Here we go again will the astronomical valuations. This time it's Twitter, which blogger Robert Scoble pegs at "probably" $5 billion to $10 billion. Earlier this year, the micro-blogging service was valued at what was then called a "staggering" $250 million.
No, Scoble is not an accredited analyst, and his vision for the Web is arguably (if understandably) quixotic, but his analysis is highly regarded industrywide.
Also, the funny thing about so many seemingly exorbitant valuations is how they can look modest in retrospect. Facebook, for instance, was widely thought to have missed the boat after it politely rebuffed Yahoo's offer to buy the social network for $1 billion in 2007. (This summer, Facebook turned down a terms sheet for a new venture round that valued the company at $8 billion.)
Still, Scoble is basing his valuation on some pretty bold claims. Firstly, he says Twitter has effectively "taken over the business world," which he suggests should be very worrying for companies like Google, Yelp, Facebook, Microsoft, and Yahoo. Whatever that means exactly, and whatever Twitter's real value to the business world is, it's hard to believe that such a service couldn't be provided by, say, Facebook.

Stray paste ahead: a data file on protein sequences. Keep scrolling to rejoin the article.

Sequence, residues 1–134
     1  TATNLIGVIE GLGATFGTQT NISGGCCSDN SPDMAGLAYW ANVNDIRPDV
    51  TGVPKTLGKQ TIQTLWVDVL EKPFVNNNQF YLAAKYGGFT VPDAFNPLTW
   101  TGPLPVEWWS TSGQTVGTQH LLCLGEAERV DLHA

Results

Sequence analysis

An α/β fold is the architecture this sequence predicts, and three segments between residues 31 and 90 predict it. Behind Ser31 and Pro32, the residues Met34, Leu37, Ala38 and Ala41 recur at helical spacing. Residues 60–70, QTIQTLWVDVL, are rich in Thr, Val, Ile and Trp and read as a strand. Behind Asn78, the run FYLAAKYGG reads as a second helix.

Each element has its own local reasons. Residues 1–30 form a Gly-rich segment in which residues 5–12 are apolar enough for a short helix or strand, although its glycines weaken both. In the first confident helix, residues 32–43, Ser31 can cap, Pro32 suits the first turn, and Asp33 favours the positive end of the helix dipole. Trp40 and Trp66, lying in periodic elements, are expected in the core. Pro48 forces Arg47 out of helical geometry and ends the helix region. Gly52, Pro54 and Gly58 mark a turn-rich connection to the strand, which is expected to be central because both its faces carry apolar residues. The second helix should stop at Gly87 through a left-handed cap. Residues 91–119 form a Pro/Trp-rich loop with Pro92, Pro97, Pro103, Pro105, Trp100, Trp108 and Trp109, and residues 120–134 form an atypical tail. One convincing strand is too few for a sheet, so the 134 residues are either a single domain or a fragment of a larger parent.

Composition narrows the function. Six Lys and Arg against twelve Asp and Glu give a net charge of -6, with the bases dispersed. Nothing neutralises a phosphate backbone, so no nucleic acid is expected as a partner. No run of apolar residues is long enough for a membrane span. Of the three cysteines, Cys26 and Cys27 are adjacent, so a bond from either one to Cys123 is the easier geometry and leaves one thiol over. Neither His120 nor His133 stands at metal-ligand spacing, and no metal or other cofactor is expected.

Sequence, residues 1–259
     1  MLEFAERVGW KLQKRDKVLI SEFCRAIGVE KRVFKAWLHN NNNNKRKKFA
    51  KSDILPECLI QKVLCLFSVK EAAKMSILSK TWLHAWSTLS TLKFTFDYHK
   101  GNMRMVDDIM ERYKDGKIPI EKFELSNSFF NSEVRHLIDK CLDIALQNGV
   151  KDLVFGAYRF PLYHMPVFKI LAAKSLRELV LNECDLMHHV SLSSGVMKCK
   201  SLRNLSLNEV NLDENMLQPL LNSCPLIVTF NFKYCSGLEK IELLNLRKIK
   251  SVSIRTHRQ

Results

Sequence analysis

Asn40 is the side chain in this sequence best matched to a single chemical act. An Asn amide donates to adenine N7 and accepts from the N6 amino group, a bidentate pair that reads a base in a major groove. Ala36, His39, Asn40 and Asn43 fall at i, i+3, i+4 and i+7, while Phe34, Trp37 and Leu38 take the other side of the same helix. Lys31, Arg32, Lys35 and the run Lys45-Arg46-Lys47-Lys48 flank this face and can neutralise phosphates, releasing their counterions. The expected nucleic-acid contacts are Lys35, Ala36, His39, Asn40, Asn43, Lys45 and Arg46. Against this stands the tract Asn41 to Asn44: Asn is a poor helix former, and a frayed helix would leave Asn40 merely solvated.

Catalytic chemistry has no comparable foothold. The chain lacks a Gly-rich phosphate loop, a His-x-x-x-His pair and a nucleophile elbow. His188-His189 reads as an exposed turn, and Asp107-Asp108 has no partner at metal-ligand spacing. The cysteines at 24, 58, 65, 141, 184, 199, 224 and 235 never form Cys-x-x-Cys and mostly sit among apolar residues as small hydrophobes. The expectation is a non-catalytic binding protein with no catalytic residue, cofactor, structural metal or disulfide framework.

But no, says Scoble, because while, "Facebook wants into this market (and so do others) ... they aren't understanding what makes Twitter attractive to businesses." For one, he points out Facebook doesn't yet offer businesses a way to easily track mentions of their name and their brands -- though that doesn't seem like too tough a nut to crack.
Oh, and despite relentless praise from Oprah, Shaq, and manifold celebrities, musicians, various thought leaders, and captains of industry, Scoble actually believes that "Twitter is underhyped." He might be alone in that.